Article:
Brazilians About To Begin Construction On 43-Story Hotel In Brickell

A group from Brazil is about to begin construction on a 43-story hotel across from Mary Brickell Village.

Galwan, a developer from Espirito Santo, placed signage on the property at 88 S.W. 10th Street this week. The signs show the name of the architect, Arquitectonica, and the construction company, Civic Construction.

Records show that the a construction permit for the foundation was approved on December 7. A unity of title was also completed by the county earlier this month.

When completed, the tower will include 520 hotel rooms. Galwan has previously said that it will carry the Ibis flag.


 

 

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Marc305
5 years ago

What this hotel will have is direct access to the Airport via Metro, which is literally across the street. I guess the chickens on that lot will have to find a new home.

Anonymous
5 years ago

Or end up on a grill at the nearest Pollo tropical.

Anonymous
5 years ago

Direct tourist access is great. What is not so great is the clickety-clack of the Metrorail until 1 AM. They better soundproof the windows so as not to have rattled hotel guests. ☑

Yet Another Anonymous
5 years ago

Actually most building materials are already “naturally” fairly soundproof as they have a lot of strength and mass for hurricane codes. Older buildings with the louvered windows not so much. They were designed to vent naturally for natural Cooling before air conditioning.

Hurricane
5 years ago

FALSE. Many of the AXIS units do NOT isolate the sound very well. The diesel buses and screeching trains stop service at midnight and resume at 5:00 a.m. The chickens fill the void. You need to have the A/C or a fan running throughout the noise to filter it out with the “natural soundproofing”. Maybe it was the acoustics bouncing back and forth between the Axis and the Camden, or being ONLY 15 stories above ground, but I assure you that the Hurricane standards do not adequately soundproof a living quarter. Take it from someone who actually lived within 250 feet of said metro-rail in a “naturally” soundproof “luxury” condo.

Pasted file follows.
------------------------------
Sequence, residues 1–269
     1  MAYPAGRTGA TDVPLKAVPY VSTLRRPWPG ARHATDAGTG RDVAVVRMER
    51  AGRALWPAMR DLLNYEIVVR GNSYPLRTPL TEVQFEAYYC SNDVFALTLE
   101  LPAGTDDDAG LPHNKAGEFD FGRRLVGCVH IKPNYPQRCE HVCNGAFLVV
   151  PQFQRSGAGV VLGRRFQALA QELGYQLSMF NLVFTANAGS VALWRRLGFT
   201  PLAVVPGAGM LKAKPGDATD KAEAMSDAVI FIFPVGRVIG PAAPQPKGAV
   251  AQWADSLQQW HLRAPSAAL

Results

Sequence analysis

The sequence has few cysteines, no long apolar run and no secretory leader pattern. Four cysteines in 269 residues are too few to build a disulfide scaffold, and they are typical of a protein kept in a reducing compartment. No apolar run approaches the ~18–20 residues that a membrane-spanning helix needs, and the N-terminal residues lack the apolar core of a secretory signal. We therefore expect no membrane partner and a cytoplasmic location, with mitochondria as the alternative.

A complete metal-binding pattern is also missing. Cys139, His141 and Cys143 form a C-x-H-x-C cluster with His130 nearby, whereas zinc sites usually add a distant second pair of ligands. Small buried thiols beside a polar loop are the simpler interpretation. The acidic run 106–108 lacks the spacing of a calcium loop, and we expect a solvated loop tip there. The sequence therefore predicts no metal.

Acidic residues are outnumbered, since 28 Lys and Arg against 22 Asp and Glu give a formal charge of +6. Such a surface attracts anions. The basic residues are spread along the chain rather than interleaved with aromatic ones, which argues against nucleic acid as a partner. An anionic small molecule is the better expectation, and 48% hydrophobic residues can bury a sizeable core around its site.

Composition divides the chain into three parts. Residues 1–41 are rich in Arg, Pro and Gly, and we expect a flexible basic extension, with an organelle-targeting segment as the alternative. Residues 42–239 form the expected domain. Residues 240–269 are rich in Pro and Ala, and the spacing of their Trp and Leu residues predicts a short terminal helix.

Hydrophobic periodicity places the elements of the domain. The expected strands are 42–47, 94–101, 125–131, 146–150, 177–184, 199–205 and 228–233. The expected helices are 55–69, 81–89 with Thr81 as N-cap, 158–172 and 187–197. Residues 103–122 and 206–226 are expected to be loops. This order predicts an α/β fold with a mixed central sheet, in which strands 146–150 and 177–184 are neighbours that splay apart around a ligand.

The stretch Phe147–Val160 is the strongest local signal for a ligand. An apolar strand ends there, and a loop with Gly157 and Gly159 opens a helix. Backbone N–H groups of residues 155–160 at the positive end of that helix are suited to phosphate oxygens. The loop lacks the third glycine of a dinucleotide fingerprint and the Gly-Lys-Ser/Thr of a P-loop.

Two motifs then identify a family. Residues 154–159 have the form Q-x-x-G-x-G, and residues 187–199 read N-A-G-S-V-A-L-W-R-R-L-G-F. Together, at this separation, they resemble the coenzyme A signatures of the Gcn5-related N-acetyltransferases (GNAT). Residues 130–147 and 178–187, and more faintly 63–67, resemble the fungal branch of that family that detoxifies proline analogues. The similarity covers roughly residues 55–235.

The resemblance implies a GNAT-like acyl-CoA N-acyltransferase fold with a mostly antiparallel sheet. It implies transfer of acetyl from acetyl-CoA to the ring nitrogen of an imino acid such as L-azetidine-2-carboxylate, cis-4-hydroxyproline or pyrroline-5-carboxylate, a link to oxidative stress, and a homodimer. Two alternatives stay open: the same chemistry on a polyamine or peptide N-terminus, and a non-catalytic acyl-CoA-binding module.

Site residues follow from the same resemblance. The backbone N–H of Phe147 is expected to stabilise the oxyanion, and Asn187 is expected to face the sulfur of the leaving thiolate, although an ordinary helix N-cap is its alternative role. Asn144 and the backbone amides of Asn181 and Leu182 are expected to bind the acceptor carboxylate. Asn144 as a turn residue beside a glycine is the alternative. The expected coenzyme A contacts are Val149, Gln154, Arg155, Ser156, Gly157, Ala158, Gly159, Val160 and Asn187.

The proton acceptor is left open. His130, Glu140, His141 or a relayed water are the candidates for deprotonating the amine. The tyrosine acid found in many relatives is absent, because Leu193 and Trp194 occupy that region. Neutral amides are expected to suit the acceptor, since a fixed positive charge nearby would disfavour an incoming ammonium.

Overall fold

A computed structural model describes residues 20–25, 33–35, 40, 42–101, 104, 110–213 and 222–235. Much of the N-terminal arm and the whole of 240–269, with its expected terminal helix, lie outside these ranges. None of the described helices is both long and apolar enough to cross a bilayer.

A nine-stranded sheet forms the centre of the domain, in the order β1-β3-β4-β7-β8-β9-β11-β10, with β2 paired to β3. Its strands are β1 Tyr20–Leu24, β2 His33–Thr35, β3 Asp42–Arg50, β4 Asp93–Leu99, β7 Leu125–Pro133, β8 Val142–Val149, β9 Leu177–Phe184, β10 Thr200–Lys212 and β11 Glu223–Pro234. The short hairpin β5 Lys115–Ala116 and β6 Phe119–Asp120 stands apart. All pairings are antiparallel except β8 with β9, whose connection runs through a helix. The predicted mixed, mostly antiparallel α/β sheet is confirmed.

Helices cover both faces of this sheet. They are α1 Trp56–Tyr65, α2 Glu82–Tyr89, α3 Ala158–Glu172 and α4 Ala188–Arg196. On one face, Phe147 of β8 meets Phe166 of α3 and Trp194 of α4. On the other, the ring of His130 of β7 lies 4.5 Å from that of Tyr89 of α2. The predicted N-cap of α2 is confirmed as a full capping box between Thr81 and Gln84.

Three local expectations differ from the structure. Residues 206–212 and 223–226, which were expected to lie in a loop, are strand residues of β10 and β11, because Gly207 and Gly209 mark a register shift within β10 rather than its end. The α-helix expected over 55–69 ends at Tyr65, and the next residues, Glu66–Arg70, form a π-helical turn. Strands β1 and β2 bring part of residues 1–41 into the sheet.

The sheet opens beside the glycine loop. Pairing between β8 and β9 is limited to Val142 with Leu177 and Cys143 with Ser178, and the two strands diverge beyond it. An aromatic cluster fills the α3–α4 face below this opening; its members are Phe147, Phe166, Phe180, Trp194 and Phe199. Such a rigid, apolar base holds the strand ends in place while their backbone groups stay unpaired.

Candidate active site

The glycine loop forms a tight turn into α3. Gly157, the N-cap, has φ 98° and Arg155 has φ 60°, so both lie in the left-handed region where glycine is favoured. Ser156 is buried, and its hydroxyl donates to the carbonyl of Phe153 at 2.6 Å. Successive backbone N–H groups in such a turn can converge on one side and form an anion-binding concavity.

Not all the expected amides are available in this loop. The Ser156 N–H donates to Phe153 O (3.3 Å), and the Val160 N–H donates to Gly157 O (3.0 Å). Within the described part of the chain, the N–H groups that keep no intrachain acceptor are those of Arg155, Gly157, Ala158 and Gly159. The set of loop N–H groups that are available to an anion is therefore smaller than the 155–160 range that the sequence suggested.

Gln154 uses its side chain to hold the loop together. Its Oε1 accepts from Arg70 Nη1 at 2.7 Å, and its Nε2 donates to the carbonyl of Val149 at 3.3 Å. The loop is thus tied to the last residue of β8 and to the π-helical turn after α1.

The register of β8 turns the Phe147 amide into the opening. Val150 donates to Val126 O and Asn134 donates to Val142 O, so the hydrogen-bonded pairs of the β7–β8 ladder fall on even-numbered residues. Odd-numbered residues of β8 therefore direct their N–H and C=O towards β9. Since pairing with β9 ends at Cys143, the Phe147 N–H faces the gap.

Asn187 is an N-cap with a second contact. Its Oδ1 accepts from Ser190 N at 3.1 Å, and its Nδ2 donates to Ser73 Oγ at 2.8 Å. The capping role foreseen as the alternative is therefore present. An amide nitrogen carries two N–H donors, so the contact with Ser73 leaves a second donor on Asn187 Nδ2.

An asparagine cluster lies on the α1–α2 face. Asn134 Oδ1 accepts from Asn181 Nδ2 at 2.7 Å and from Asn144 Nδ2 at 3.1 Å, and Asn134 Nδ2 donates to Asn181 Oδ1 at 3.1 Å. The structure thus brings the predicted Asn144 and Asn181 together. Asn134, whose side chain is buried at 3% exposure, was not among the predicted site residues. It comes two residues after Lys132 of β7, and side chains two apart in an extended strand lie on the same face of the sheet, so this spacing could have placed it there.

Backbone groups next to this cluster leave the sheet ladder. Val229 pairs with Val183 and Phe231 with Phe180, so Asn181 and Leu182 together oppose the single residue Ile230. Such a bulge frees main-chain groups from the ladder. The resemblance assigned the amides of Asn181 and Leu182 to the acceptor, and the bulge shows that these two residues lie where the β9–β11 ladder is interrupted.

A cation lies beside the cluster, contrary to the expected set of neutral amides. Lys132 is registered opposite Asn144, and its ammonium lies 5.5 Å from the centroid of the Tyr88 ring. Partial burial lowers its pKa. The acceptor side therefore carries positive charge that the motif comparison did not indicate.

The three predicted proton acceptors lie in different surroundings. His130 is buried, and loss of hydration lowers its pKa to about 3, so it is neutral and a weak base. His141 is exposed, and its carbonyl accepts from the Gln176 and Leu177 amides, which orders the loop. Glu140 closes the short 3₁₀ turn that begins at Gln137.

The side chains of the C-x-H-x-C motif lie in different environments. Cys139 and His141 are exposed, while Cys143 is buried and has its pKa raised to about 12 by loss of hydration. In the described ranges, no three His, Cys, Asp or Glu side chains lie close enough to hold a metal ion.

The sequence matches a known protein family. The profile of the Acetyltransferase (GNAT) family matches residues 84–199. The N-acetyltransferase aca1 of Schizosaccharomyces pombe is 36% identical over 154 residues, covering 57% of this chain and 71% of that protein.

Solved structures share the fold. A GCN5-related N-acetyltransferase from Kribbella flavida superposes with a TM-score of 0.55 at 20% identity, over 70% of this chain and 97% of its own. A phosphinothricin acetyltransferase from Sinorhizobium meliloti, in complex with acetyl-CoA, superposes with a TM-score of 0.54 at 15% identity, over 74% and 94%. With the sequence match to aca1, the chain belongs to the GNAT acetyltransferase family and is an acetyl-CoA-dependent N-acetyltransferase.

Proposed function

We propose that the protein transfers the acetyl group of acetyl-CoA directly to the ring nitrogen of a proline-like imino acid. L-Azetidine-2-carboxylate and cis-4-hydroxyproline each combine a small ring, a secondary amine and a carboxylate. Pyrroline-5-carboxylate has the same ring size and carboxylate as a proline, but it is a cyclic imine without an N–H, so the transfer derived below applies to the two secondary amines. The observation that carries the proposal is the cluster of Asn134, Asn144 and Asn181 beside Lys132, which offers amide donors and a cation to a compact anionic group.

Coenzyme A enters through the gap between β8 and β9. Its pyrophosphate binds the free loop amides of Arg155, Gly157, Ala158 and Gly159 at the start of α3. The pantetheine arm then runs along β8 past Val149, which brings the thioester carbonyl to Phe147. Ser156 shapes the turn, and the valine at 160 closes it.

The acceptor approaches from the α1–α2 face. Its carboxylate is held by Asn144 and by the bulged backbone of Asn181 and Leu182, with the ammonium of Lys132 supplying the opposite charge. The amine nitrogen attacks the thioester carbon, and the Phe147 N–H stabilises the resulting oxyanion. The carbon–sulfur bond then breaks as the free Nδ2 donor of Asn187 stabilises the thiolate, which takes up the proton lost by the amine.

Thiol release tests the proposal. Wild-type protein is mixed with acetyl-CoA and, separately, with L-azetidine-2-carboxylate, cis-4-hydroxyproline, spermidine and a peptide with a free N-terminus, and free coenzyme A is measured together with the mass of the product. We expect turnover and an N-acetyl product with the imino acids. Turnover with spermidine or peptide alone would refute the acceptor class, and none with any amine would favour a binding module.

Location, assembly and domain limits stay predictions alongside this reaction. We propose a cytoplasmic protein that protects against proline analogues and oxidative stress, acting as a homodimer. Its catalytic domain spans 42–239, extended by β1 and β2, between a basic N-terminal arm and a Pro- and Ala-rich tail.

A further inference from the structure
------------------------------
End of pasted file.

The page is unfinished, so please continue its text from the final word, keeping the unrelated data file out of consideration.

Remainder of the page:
To actually enjoy the pool, it would be prudent to put it on the roof. Sit at the Nine, Camden, or Axis pools during an afternoon and all you hear is screeching of the metrorail’s break as it comes to a stop.

Anonymous
5 years ago

Yet, so many choose to live there. Go figure

Anonymous
5 years ago

Hmmm, a witness who has actually experienced the noise firsthand. Yes, where there are tall buildings right next to each other the sounds will be amplified just by bouncing off one building to the next. It’s physics, but in a luxury hotel, guests don’t care about physics. They only care about getting their money’s worth of restful quiet. So, EXTRA soundproofing is a wise investment! My two-cents’ worth. ☑

Yet Another Anonymous
5 years ago